How to Grill Chicken

Grilling chicken brings out the best in the bird by crisping its skin, juicing up its meat and lending every part a deliciously distinct flavor.
chili lime chicken

Grilling time: 40 min butterflied

Grilling the entire bird is the ultimate flavor bomb -- cooking meat on the bone keeps things juicy while the skin crisps up, and turns out an outer layer brimming with flavor. Plus, a whole grilled chicken makes for a stunning presentation. Butterfly it so that it lies flat and grills evenly over direct heat. Bonus: This cuts down the cooking time by half. And small, hibachi-size grills need not apply, as you'll need extra grate space to move the chicken around when inevitable flare-ups occur.

chicken wings in jala peach juice

Grilling times: 14 to 18 min

Grilling brings out the best in these snack-size pieces -- the fat drips away, leaving behind a crisp wing perfect for gnawing to the bone. They are easily separated into the drumette and the wing end by hacking at the joint using a cleaver or heavy knife. Some people prefer the meatier drumette, but the crackle and crunch of wing ends have their own appeal. Be prepared to move the wings around as flare-ups occur, and arrange them so that the smaller ends point away from the high heat to prevent burning.

Grilled Chicken Legs

Grilling times: 20 to 25 min for legs, thighs and drums

There's nothing quite like the dark, juicy meat of a chicken leg. The extra fat found in this part keeps the meat moist, making it a forgiving cut to throw on a grill. Grill these pieces over a split fire of high and medium heat. The high heat lets some of the fat drain away first, resulting in the desirable crisp, charred surface. Finishing the legs over medium heat lets the chicken cook through without burning. This holds true whether you're grilling whole legs or drumstick and thigh portions separately.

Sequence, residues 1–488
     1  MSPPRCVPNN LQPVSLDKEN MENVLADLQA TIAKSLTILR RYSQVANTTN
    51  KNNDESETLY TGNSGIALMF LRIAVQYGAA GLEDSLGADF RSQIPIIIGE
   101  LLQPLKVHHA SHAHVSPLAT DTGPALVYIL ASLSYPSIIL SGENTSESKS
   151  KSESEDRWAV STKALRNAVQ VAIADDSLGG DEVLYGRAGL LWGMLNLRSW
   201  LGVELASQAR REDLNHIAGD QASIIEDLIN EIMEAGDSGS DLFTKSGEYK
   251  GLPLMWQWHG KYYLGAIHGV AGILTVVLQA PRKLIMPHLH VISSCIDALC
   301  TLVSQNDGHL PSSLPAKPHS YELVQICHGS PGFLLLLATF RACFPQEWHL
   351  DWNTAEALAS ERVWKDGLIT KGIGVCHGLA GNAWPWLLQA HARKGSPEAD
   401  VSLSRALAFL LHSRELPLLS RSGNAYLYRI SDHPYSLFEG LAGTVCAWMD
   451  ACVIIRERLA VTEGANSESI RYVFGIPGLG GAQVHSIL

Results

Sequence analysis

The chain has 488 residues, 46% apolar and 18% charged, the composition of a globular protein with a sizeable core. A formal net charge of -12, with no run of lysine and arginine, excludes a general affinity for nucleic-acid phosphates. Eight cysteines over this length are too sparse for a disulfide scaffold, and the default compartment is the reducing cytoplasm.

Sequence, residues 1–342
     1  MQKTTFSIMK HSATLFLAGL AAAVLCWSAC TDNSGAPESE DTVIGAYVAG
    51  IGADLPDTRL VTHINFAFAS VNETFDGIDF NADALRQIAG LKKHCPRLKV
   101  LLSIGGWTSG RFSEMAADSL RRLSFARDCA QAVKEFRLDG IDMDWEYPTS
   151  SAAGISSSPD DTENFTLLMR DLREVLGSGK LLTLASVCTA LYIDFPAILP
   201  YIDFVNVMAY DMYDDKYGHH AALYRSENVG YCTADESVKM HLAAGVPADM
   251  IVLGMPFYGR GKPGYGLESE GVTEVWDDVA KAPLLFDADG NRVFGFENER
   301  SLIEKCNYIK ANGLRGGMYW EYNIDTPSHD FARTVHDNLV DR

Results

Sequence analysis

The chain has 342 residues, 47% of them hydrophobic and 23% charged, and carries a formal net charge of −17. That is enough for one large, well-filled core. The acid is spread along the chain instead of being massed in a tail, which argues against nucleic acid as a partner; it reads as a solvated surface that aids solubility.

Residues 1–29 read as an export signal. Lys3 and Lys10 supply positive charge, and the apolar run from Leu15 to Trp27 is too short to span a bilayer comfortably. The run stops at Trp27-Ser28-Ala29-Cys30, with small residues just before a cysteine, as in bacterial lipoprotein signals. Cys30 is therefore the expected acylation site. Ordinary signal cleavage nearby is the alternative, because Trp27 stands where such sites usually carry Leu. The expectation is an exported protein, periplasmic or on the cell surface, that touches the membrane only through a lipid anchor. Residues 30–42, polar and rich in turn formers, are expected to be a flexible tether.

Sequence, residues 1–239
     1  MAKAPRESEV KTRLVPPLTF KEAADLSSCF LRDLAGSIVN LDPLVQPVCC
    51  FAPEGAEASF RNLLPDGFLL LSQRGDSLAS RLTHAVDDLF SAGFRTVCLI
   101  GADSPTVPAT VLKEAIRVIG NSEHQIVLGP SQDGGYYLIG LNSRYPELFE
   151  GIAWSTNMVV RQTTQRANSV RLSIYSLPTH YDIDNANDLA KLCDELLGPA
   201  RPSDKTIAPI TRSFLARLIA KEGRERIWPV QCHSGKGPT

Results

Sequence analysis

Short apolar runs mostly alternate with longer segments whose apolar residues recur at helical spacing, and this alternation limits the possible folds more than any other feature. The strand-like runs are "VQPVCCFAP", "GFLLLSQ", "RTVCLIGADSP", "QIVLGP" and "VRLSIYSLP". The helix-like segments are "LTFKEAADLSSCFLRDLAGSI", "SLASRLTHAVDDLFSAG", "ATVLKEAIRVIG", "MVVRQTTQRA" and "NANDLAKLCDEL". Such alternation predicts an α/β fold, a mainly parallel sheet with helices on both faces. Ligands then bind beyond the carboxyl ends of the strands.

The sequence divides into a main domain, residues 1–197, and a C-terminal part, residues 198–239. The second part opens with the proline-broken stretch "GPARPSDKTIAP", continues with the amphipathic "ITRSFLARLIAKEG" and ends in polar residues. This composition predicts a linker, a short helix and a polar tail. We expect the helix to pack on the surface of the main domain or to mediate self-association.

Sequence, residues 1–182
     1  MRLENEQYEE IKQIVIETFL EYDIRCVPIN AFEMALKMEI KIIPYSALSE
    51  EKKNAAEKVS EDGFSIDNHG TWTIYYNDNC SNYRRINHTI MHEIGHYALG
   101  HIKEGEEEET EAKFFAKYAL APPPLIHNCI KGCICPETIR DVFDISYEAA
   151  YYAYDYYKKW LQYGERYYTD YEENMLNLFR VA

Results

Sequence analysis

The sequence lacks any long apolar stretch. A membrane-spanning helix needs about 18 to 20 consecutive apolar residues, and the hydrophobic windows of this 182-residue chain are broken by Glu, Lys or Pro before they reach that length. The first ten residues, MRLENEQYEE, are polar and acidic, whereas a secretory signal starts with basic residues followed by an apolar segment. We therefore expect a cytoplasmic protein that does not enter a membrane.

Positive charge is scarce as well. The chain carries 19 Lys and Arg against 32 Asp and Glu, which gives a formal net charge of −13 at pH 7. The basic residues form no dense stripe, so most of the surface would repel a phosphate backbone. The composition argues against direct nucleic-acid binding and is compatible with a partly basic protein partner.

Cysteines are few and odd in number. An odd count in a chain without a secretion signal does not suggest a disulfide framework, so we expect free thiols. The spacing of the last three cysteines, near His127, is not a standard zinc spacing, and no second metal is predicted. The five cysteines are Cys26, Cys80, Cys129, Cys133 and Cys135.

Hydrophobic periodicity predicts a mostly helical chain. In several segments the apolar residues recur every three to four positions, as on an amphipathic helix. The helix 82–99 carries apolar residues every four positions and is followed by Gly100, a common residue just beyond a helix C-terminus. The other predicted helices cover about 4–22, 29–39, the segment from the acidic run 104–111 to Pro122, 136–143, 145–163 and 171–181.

tea soaked chicken breasts

Grilling times: 10 to 12 min for breasts, 6 to 8 min for cutlets

Skinless, boneless chicken breast is the number-one bestseller at meat counters; it's ideal for beginning grillers because its cooking time is the easiest to predict. Pound to a uniform thickness (1/2 inch for a breast, ? inch for a cutlet) for even cooking -- the expanded surface area will also show off the grilled exterior. But let's not overlook the skin-on, bone-in breast. Sure, its natural shape requires extra coddling on the grill, but meat is tastier and juicier cooked on the bone, and the skin lets the meat baste in its own fat as it cooks. Turn this cut regularly, at least four times, to minimize flare-ups, and arrange the thinner edges away from the heat to prevent burning while the thicker portions cook through.

Continued on page 2:  Sauces, Seasonings, Marinades and More